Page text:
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What is behind that closed door?------ Intimate Partner Violence during Pregnancy in China

Yang, Xiaojie LU (2011) SIMT19 20111
Master of Science in Social Studies of Gender
Abstract
The aim of this thesis is to examine intimate partner violence (IPV) towards pregnant
women, with the ambition of fulfilling the gap of available knowledge about this complex
subject area, in the Chinese context.
The specific objects are: 1) to assess the risk factors and forms associated with
intimate partner violence during pregnancy 2) to explore the social dynamics and gender
power relations that underline intimate partner violence during pregnancy by exploring
the perceptions, attitudes and experiences of survivors and professionals about violence
during pregnancy, connection of domestic violence and coping strategies of domestic
violence survivors. It was a qualitative study involving 8 semi-structured ... (More)
The aim of this thesis is to examine intimate partner violence (IPV) towards pregnant
women, with the ambition of fulfilling the gap of available knowledge about this complex
subject area, in the Chinese context.
The specific objects are: 1) to assess the risk factors and forms associated with
intimate partner violence during pregnancy 2) to explore the social dynamics and gender
power relations that underline intimate partner violence during pregnancy by exploring
the perceptions, attitudes and experiences of survivors and professionals about violence
during pregnancy, connection of domestic violence and coping strategies of domestic
violence survivors. It was a qualitative study involving 8 semi-structured interviews and
2011. Data was analyzed by narrative analysis.
The results indicated the complexity of the issue of IPV during pregnancy from the viewpoints of both professionals and women. The women who had been subjected to
violence described their complicated lives as "living in hell where their partners turned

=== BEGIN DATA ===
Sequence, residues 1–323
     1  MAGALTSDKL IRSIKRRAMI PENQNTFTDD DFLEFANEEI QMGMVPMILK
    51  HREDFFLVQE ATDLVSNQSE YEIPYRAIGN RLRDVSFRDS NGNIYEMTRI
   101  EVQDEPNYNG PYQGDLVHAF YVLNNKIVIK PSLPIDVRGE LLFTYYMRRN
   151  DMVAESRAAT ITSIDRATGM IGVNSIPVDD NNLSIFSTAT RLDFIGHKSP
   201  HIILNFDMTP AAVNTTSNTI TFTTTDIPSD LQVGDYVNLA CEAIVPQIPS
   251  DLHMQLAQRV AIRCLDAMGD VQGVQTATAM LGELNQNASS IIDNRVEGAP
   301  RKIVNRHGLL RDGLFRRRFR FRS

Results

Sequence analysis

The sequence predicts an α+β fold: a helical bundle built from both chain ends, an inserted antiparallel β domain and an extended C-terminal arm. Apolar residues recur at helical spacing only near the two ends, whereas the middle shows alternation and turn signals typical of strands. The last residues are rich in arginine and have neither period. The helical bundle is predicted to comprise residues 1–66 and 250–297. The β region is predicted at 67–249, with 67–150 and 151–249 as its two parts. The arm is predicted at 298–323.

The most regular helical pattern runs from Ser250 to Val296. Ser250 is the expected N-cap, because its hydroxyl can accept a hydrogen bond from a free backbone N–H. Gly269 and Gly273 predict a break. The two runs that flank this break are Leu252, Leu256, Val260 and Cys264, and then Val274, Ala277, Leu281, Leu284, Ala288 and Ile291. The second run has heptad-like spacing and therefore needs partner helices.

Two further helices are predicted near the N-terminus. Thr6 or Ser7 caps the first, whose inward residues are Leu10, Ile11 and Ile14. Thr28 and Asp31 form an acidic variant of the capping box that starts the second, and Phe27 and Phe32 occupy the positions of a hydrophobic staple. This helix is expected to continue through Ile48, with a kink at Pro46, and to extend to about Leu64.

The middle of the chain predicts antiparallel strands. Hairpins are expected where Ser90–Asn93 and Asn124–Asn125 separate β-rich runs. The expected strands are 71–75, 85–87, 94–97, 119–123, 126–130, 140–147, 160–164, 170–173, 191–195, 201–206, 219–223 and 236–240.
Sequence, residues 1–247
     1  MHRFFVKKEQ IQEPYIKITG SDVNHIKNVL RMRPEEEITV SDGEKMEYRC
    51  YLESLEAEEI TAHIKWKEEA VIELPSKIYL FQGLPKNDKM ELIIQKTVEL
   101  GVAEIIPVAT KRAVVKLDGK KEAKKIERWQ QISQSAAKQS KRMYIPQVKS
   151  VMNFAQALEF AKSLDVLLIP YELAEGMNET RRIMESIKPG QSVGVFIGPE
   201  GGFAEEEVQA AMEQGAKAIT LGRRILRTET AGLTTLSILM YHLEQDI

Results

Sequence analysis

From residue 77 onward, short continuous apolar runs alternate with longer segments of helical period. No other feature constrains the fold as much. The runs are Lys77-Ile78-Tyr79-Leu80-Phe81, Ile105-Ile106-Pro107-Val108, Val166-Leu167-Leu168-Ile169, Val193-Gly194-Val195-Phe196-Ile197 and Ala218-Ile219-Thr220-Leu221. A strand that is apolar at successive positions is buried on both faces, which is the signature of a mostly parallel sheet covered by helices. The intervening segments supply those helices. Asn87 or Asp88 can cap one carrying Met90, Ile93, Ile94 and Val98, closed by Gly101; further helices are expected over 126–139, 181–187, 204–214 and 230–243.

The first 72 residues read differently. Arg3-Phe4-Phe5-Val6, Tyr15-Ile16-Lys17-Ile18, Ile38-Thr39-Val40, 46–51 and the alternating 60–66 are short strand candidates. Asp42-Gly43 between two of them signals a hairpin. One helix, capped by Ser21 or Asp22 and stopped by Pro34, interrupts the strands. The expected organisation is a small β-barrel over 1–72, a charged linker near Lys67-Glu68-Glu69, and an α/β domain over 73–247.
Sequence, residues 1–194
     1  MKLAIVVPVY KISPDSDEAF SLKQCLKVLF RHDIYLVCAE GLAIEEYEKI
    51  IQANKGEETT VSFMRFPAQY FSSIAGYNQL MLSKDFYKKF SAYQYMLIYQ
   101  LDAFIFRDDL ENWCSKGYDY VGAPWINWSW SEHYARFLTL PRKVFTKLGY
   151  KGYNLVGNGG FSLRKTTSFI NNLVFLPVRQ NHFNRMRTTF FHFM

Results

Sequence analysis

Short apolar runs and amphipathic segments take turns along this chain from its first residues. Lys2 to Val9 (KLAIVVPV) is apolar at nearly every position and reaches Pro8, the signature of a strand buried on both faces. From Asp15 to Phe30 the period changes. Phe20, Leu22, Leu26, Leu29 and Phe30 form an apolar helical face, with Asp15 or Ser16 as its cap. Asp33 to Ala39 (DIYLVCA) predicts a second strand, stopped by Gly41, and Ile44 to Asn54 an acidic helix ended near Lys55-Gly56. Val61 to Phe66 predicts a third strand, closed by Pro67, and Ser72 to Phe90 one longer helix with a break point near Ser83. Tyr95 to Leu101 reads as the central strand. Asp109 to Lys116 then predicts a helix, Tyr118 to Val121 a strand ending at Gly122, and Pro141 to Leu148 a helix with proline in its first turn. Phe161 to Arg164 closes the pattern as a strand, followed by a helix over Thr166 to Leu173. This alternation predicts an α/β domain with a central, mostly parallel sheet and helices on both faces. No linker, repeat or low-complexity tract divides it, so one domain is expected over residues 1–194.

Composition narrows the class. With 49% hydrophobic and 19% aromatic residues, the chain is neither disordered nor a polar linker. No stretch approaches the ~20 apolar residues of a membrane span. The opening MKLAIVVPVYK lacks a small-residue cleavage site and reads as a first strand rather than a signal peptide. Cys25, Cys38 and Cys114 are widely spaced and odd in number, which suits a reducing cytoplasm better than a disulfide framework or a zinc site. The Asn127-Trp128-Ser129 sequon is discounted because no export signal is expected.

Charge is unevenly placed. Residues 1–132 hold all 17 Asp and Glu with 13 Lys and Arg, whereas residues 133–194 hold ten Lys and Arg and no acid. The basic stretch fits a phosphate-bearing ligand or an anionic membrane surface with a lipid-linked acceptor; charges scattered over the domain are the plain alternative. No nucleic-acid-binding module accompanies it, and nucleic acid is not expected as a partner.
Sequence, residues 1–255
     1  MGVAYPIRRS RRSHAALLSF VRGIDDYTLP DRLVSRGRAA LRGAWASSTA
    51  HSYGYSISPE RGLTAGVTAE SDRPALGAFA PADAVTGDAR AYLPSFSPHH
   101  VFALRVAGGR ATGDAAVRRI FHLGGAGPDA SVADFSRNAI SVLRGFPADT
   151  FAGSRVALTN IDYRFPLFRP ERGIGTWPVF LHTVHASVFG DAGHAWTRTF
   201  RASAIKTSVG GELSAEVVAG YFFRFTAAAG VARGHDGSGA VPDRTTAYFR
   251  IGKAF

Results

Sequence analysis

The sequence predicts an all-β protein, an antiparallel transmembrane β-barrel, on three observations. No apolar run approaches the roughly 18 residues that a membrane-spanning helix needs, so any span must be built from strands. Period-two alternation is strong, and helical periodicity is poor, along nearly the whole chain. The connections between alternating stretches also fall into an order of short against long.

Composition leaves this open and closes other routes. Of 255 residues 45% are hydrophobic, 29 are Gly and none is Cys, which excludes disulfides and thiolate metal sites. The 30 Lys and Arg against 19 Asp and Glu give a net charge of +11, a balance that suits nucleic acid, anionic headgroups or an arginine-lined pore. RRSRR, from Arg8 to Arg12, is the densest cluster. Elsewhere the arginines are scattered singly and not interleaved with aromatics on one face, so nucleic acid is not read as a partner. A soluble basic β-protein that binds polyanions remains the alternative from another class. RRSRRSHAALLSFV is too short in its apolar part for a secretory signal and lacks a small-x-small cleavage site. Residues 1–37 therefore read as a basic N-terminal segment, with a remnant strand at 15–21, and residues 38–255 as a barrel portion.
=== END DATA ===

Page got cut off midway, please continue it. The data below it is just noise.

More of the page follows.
into perpetrators". None of the four women left the violent relationships during
pregnancy because of multiple reasons. Struggling to find a way to go, these women
floundered between hope and despair. Professionals viewed pregnancy as a potential
trigger for conflicts and violence. What is more, professional analysed IPV during
pregnancy from multifarious perspectives under Chinese specific social and cultural
context.
The findings of research support feminist theory that intimate partner violence during
pregnancy is a result from unequal gender power within patriarchal society. Additionally,
the findings can be explained by the ecological model of gender-based violence by
illustrating how the meaning of violence is constructed through the interaction of events
and circumstances operating at different levels. The traumatic bonding theory and
Landenburger’s coping theory are suitable to apply to intimate partner violence during
pregnancy in a degree. The findings also show positive perspectives of women’s
reactions which is contrary to the argument by Landenburger’s coping theory, and
therefore not suitable to be used to study IPV during pregnancy. More importantly, it also
contributes to break the stereotype that survivors are passive victims. Finally, the experience in this paper might be transcended single cultural context to be common to